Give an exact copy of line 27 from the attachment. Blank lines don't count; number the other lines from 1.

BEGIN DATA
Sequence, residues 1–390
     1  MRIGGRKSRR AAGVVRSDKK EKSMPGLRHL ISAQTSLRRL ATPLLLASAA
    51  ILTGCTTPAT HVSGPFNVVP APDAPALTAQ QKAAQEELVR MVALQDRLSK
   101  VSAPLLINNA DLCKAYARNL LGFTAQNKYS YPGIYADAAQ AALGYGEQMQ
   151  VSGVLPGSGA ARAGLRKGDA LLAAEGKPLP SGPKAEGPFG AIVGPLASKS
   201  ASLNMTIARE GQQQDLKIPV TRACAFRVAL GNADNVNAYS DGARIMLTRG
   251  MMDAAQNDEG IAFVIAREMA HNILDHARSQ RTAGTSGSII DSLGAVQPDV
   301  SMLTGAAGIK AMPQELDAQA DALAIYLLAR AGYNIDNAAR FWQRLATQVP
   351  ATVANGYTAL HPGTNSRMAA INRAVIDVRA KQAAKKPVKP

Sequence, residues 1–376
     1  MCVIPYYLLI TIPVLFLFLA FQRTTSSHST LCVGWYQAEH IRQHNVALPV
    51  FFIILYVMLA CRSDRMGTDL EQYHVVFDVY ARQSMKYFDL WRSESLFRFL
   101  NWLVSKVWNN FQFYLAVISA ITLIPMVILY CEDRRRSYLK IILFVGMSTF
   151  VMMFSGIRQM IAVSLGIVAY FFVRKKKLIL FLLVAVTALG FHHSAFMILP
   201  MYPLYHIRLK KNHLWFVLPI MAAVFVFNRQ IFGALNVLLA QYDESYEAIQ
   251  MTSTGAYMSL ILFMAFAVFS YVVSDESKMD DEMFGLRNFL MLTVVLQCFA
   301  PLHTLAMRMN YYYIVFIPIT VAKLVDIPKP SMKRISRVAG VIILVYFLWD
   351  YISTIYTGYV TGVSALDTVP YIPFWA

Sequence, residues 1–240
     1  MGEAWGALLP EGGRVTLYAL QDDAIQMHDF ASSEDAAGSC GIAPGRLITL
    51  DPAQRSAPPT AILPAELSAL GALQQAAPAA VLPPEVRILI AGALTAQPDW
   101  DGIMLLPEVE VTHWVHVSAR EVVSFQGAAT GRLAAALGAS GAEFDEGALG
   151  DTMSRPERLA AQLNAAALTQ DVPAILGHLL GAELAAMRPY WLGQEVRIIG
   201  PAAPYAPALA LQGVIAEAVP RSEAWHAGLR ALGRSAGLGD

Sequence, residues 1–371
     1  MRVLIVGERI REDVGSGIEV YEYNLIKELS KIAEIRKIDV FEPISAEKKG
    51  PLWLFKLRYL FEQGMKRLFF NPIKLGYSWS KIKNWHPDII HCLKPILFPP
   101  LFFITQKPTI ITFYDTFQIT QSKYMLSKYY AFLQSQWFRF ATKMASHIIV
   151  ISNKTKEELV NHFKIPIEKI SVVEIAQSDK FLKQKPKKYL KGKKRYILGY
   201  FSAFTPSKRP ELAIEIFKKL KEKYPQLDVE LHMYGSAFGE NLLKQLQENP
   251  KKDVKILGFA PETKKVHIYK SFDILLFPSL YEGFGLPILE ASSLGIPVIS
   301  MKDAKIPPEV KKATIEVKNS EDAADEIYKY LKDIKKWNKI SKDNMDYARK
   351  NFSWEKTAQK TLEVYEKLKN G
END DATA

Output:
    51  PLWLFKLRYL FEQGMKRLFF NPIKLGYSWS KIKNWHPDII HCLKPILFPP